Shires A 1,2, Sharpe L 1, Newton John TRO 2.
1 School of Psychology, University of Sydney, Sydney, New South Wales, Australia
2 Clinical Psychology Department, Graduate School of Health, University of Technology Sydney, New South Wales, Australia
This study investigated whether the ability to disengage quickly from pain‐related stimuli moderated the relative efficacy of a mindfulness‐based intervention versus distraction in response to an experimental pain task.
Methods: Participants (n = 100) completed a dot probe task with eye tracking and were then randomized (2:2:1) to receive a mindfulness‐based interoceptive exposure task (MIET), distraction instructions or no instructions (control group) before engaging in the cold pressor test.
Results: Participants who were allocated to the MIET condition reported a significantly higher pain threshold and distress than the distraction group, although not significantly higher than the control group. Those in the MIET group had improved tolerance compared to both the distraction and control groups. Difficulty disengaging from pain‐related stimuli, as measured by the duration of the first fixation on sensory words, was found to moderate the relative efficacy of mindfulness versus distraction in terms of pain threshold and distress, but not tolerance. Those with difficulty disengaging from sensory pain words benefited less from the MIET. Duration of first fixation on sensory and affective pain words were highly correlated, and duration of first fixation on affective pain words also moderated the relative efficacy of MIET and distraction on threshold, but not distress.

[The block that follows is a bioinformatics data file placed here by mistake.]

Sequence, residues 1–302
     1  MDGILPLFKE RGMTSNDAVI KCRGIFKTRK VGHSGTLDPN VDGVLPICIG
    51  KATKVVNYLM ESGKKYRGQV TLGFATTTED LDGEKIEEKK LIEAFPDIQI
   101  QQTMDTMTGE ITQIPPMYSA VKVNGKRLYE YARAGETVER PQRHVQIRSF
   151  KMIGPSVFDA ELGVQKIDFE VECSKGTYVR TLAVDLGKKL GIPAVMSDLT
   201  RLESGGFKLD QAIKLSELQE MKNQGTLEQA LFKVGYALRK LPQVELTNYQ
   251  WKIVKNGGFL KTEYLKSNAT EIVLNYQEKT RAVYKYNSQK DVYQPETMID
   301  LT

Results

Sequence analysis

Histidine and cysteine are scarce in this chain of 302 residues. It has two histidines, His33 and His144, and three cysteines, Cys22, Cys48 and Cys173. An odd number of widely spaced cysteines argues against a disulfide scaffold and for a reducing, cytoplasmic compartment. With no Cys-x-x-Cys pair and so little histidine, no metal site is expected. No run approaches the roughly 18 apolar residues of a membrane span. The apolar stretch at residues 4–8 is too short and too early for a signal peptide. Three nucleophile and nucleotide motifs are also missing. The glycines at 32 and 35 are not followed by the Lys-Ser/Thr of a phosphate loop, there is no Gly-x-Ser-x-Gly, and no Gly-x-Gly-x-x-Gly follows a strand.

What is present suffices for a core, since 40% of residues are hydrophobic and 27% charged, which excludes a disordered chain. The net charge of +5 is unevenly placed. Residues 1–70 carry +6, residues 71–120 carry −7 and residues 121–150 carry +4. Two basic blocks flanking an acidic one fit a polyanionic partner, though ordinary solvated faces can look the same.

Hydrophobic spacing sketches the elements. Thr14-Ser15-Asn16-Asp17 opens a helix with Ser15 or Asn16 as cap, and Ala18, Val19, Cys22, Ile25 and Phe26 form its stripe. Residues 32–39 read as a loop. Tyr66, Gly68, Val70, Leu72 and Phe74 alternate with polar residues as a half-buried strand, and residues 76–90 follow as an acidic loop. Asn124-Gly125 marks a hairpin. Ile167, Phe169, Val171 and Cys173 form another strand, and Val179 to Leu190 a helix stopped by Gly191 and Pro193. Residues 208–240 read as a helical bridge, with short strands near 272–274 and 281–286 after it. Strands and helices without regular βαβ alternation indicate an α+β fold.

Conclusions: These results show that a single brief session of a mindfulness task was sufficient to change an acute pain experience in comparison with a distraction task, and that those who disengaged quickly from pain words benefited most.
Significance: This study demonstrated the efficacy of a novel, exposure‐based mindfulness technique for pain tolerance and showed that those who disengaged easily from pain stimuli benefited most. This brief task could be clinically useful, particularly for those who are not overly focused on their pain symptoms.
European Journal of Pain. 2018;00:1–12. https://doi.org/10.1002/ ejp.1340